By Debra R. Schoenberg, Esq.
The miracles of modern medicine can offer the gift of life to many same-sex couples that want to start a family. But the success of cutting-edge technology can also lead to heartache if a couple goes through the process of freezing embryos, only to have the marriage deteriorate during the process. If one partner wants to donate the embryos but the other still wants to conceive the child, many legal issues can arise, complicating an already stressful situation. There are many ways to help people start a family, but when science and heartbreak collide, whose rights win out?
To conceive a child, same-sex couples often turn to assisted reproductive technology (ART), which includes artificial insemination, egg donation, implantation of frozen embryos or the use of a surrogate to conceive a child. The new technology gives those who cannot conceive or are having issues conceiving, an opportunity to have a child. Frozen embryos are part of the scientific breakthrough that allows same-sex couples and infertile parents to have biological children. However, every state has different laws regarding embryos and people are wondering whose rights will win out when there are custody issues regarding these embryos.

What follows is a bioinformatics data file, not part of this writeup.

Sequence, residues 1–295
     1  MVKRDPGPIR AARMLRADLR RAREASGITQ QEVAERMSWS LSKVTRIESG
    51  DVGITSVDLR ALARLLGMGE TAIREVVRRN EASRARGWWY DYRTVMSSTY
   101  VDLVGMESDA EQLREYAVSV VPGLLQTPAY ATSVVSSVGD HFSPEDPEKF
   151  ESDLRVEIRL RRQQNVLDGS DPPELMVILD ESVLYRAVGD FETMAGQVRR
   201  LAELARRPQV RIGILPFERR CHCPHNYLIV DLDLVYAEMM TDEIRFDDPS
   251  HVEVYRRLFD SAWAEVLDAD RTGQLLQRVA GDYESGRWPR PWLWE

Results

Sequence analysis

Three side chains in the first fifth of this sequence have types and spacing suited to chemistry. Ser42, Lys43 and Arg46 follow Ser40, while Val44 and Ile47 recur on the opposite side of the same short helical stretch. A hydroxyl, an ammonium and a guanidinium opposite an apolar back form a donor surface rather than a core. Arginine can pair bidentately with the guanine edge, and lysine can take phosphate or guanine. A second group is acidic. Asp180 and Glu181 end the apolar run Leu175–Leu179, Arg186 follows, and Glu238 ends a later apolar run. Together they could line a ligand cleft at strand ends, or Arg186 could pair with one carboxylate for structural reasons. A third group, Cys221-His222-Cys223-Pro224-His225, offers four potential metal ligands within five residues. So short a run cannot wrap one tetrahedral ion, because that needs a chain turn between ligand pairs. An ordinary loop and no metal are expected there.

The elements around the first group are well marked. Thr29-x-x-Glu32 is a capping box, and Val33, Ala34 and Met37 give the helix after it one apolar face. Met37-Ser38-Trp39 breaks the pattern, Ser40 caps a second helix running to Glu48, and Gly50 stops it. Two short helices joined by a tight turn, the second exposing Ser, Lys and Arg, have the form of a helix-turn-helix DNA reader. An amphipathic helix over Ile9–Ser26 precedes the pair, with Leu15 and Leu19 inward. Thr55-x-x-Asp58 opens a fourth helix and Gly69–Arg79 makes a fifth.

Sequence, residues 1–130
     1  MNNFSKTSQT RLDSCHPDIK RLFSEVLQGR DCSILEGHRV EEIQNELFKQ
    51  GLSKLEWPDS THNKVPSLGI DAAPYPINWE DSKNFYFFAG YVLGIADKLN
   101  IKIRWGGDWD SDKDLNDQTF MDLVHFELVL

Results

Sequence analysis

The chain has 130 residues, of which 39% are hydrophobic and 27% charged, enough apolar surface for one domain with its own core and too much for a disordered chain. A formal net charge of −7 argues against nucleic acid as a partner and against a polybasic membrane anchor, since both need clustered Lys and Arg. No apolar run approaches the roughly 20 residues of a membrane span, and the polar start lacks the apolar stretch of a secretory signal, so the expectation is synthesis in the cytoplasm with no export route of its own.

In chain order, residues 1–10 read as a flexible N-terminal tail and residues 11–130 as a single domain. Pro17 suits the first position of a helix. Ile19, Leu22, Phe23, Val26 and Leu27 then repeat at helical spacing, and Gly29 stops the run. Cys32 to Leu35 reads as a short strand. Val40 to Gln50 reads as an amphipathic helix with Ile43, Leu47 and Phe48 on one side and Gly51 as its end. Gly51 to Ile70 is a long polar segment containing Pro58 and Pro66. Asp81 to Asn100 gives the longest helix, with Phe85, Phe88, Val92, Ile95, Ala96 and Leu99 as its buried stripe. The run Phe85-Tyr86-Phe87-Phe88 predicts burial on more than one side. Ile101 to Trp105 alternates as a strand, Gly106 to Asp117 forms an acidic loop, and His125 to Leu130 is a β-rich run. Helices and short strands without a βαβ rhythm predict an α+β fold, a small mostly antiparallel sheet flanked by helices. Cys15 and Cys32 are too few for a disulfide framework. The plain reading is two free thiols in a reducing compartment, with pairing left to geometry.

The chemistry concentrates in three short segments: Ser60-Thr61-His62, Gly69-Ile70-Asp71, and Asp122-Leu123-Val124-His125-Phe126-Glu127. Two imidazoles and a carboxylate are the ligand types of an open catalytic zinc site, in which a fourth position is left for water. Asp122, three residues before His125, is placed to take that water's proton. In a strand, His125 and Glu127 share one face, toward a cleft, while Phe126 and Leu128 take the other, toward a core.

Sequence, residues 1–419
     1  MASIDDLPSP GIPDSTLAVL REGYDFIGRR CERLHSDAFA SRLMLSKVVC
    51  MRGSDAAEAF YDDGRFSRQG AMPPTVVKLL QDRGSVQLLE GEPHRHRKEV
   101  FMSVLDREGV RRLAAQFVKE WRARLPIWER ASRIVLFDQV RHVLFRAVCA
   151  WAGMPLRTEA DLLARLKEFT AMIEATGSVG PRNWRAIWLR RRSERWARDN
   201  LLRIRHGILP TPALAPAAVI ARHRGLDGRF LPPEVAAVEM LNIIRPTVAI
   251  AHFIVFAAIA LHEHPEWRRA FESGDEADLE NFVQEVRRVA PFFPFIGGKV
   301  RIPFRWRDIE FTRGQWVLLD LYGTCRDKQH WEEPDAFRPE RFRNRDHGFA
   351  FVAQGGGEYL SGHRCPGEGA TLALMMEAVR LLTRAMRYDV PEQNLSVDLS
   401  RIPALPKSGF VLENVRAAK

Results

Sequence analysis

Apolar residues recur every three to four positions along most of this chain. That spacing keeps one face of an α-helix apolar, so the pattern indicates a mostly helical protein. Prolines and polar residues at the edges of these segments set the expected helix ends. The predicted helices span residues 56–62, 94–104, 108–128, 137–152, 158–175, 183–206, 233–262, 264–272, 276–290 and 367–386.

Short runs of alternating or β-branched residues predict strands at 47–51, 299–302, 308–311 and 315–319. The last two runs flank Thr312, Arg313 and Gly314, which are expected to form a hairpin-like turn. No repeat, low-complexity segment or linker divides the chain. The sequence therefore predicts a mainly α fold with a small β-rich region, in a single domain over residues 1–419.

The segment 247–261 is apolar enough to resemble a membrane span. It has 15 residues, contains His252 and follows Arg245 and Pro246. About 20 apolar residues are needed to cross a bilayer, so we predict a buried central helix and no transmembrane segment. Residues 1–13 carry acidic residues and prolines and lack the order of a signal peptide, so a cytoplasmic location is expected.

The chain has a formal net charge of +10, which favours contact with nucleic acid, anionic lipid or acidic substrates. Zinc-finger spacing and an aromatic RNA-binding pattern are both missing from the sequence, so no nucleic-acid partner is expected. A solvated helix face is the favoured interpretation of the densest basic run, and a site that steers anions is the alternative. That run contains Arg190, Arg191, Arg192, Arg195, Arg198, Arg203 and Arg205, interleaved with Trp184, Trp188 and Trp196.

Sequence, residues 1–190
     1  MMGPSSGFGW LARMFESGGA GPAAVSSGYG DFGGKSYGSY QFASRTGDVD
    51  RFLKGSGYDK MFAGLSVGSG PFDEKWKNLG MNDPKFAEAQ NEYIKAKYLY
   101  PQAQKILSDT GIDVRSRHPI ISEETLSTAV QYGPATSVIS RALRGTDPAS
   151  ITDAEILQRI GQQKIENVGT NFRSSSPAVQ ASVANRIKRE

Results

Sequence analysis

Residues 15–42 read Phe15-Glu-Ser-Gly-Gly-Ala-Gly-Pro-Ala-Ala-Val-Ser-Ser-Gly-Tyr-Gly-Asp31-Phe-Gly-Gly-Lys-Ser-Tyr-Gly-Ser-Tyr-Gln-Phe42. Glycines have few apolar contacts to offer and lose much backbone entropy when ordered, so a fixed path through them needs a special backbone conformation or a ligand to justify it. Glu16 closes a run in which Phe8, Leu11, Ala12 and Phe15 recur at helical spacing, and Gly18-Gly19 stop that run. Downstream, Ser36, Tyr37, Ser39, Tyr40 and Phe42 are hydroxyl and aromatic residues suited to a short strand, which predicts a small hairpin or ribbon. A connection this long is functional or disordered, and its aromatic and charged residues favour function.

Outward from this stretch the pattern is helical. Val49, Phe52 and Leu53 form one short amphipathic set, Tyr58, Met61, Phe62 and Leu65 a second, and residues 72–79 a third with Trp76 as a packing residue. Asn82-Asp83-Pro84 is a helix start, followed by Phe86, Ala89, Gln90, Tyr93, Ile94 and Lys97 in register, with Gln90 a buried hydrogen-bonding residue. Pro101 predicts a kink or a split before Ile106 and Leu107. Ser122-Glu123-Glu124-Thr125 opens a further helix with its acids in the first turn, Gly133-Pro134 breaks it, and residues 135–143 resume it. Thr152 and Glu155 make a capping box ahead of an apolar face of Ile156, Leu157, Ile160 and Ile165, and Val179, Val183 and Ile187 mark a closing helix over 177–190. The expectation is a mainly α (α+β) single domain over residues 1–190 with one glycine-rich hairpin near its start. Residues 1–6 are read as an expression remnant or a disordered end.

According to the Seattle University Law Review, couples have argued that they have ownership rights to frozen embryos due to their role in the creation or through their status as a legal parent. In the case of same-sex couples, some choose to have either party submit eggs or sperm to create embryos. A donor then supplies the additional material, and the couple ends up with frozen embryos that could have either party’s genetic makeup.
When same-sex couples divorce, courts are now presented with the question as to how to establish parental rights for the embryos when only one partner may be the biological parent. This issue is further complicated because one person may want to keep the embryos to conceive a child, and the other may want them destroyed as a result of the divorce. These types of cases are taken to court, where a judge will rule who has the right to claim the frozen embryos.
We can expect to see a lot of similar cases emerge as ART becomes more successful and more widely used. One of the best ways to ensure that the rights of everyone involved are protected is to execute a legal agreement between the couple, outlining the wishes of both parties in the case of a divorce. Like a prenuptial agreement, it would set conditions for what would happen in the worst-case scenario. Medical providers can assist future parents by having them execute a plan before using ART. Taking the time and effort to clearly state the rights and obligations of all parties before going through the long process pays off in the long run.
About the Author
Debra Schoenberg is a family law attorney based in the Bay Area. She established her firm more than thirty-five years ago, accruing vast experience and expertise in the highly sensitive and complex practice areas of divorce, child custody, and division of property. Ms. Schoenberg has established a professional reputation for thoroughness, strategic thinking, keen attention to detail, loyalty, and dedication to client service.